I was grabbed by a local while I looked through my binoculars and elbowed him away, as you see in the video. The video shows some of the locals photographing us, backs to the Sun! The locals are probably still afraid of eclipses. As in Java ‘83 there was lots of banging as the locals tried to scare the demon away that was trying to eat the Sun. You hear the racket on the video but I was oblivious to it at the time. Of course, all this hoohah worked, and the demon spat the Sun out. (t works every time.) Someone shouted it was finishing and within a second a bright diamond ring came up at 12 o clock. It seemed long and wide and the sky seemed to light up all over at the same time. That seemed odd to me, but then I noticed the high cloud all around it. I have overused the word ‘gawp’ in describing eclipses, but the brain just focuses all attention on visual input, and excludes everything else. The video shows me wiping my eyes. I am usually pouring my eyes out by the time the eclipse ends, but am not aware of it at the time.

So, forgive me if I get silly when I talk about my eclipse trips, but there is something about them that makes me feel real. Go get one for your bucket list and you’ll see what I mean. How about August 21 next year, central USA, or for a really good one, Gibraltar/Egypt, August 2nd 2027? That is part of the same saros as Hawaii 1991 and China 2009, which has given us two of the longest eclipses in these two centuries.


The 2016 transit of Mercury

On the 9th of May a rare event will be visible from the UK. Mercury will be crossing the face of the Sun and the whole event will be visible from the UK, assuming the skies are clear. The transit starts at 12:12BST and ends at 19:41BST. Although the whole event last 7.5 hours, the most interesting parts are the 3 minutes when Mercury starts the transit and the 3 minutes at the end when it leaves the disk of the Sun. For those with H-alpha scopes you might get a few extra minutes if the tiny planet should happen to cross a prominence on its way in or out.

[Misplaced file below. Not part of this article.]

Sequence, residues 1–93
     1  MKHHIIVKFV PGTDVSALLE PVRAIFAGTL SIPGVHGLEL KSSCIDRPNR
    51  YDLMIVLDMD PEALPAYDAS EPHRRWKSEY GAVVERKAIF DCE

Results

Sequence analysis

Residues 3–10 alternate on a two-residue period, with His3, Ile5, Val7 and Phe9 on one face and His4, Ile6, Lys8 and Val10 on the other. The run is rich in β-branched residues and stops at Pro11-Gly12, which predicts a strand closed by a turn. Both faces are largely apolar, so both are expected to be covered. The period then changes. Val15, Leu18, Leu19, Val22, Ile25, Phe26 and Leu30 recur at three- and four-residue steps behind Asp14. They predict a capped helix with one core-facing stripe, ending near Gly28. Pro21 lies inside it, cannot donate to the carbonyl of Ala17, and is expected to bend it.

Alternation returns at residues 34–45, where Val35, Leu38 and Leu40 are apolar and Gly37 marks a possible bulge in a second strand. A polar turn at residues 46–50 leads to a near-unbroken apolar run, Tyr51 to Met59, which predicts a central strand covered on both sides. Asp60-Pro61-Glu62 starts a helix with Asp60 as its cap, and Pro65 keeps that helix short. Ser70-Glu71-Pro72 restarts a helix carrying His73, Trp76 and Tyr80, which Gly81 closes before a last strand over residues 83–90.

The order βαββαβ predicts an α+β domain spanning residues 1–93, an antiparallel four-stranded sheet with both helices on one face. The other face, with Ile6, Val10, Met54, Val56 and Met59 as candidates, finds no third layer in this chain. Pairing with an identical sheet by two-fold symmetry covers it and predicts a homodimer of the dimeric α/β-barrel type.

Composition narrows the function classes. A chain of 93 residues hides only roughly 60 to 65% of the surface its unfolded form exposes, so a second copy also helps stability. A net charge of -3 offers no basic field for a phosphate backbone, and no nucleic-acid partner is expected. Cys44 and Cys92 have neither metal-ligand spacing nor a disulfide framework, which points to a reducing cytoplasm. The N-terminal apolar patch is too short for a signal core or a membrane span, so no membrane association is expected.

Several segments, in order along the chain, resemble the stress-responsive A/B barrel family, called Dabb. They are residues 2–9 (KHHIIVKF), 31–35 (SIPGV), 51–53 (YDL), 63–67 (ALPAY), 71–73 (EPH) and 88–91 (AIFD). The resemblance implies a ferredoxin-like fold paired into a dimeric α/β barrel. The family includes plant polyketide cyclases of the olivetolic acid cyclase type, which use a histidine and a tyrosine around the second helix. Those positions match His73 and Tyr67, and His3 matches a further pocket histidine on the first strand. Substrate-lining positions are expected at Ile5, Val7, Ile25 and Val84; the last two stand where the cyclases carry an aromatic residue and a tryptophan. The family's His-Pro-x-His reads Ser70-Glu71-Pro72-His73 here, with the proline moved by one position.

Mercury transits occur around May or November, about 13 or 14 times a century. So although more common than a Venus transit, they still unusual. And given the weather in the UK, this one is the best one you’re going to get for quite sometime. The last one visible from the UK was back in May 2003. In November 2019 and November 2032 we will get to see partial transits (weather permitting, which is unlikely given the typical winter weather for the UK). The next full one won’t be until November 2039 and it only lasts 3 hours.

On May 9th first contact, when the disk of Mercury first encroaches on the Sun’s disk occurs around 12:12BST, as shown in the diagram below:

Mercury transit 1st Contact

Second contact, when the trailing edge of Mercury’s disk comes onto the Sun’s disk, occurs about 3 minutes later at 12:15BST. Third contact is when the leading edge of the planets disk starts to leave the Sun’s disk and it occurs at 19:39BST as shown below:

Mercury transit 3rd contact

Fourth contact is when the disk of Mercury leaves the Sun’s disk completely at 19:41BST.

It is worth starting to observe these events a few minutes before these times as they can vary be a minute or two depending on where you are in the UK. You will need some sort of optical aid to see this as Mercury is too small to be seen with the naked eye. Do NOT look as the Sun using a telescope or binoculars, without using appropriate filters. The safest method is to project an image of the Sun through a telescope of binocular lens onto some card. Abingdon Astronomical Society will be holding a public observing event, see here for details. Do come and join us if you get the chance.

Clear skies,